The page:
They were together in the bed in his room every weeknight for over a year, feeding on each other like prisoners downing their rations. Weekends were work nights, the only gigs he could get, and she was too young for the clubs, so she took the train north to her mother’s upstate and held her breath until Mondays when she could get back to him. One night at the mirror while getting undressed, she astonished herself by dancing for him to the rhythm of the jazz on the radio. He named the tune and identified the players and lay back on the narrow bed and watched her slither; she only knew that it sounded like sex, and the saxophone sang like a woman imitating a man. She hooked her thumbs into the waistband of her panties and straightened her arms. A long solo on a standup bass took care of the rest. It made him unbearably uneasy. And then she sang. He took her to dinner after they made love; he laughed and talked and flirted with the waitress as if nothing had happened, but every time he looked at her he saw her audaciously naked, half-pretending to avert her eyes, imitating shame but covering nothing and it made him want to run back home and leave her with a bottle of Chianti, a plate of Alfredo and the bill to pay. “Where did you come from?” he asked her instead. “I’ve never seen anything like you!” Years later she saw him at a club in the Village, imitating bebop legends with the same old band. He pretended not to see her. A little girl with made-up eyes smoked cigarettes like a beginner and waited at a table by the edge of the stage until he was finished playing.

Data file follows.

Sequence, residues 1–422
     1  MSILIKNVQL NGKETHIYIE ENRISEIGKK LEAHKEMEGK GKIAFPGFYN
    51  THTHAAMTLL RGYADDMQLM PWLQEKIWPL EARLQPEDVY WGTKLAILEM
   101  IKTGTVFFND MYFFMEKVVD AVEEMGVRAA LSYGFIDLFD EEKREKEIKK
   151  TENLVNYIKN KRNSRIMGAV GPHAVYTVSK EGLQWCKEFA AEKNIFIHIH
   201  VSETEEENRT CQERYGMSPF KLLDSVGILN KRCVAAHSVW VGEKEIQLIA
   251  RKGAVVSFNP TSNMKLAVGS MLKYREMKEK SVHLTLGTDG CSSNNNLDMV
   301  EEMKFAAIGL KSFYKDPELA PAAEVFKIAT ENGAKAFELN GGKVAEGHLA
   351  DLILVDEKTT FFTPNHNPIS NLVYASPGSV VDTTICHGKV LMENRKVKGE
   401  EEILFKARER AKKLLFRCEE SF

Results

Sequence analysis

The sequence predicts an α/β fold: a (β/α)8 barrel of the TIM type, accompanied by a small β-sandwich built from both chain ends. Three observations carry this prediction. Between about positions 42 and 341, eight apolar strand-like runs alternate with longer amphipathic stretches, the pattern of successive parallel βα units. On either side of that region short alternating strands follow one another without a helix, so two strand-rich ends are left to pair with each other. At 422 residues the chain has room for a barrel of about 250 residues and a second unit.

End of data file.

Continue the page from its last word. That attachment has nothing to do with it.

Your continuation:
Copyright © June 2, 2007 David Hodges

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